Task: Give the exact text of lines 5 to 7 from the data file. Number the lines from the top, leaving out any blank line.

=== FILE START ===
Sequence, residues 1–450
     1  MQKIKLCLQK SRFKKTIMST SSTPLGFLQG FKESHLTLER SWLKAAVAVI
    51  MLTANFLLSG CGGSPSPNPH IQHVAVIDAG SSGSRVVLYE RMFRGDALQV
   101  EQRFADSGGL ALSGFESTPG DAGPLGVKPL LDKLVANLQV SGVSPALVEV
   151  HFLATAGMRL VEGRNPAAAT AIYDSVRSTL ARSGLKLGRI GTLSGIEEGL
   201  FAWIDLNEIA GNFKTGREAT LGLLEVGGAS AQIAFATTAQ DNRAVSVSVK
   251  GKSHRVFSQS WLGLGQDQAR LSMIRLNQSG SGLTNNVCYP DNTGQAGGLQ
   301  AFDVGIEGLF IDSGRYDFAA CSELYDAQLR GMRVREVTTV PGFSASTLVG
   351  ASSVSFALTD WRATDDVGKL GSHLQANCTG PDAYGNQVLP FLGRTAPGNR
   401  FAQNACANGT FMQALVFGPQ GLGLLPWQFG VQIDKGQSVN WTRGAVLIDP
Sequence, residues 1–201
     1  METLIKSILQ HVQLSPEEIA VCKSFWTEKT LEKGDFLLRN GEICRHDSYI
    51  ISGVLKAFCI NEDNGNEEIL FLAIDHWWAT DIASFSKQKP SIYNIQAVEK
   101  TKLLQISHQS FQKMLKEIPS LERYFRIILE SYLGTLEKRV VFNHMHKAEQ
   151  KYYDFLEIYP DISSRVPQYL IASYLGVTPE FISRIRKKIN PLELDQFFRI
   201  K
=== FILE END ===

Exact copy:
   151  HFLATAGMRL VEGRNPAAAT AIYDSVRSTL ARSGLKLGRI GTLSGIEEGL
   201  FAWIDLNEIA GNFKTGREAT LGLLEVGGAS AQIAFATTAQ DNRAVSVSVK
   251  GKSHRVFSQS WLGLGQDQAR LSMIRLNQSG SGLTNNVCYP DNTGQAGGLQ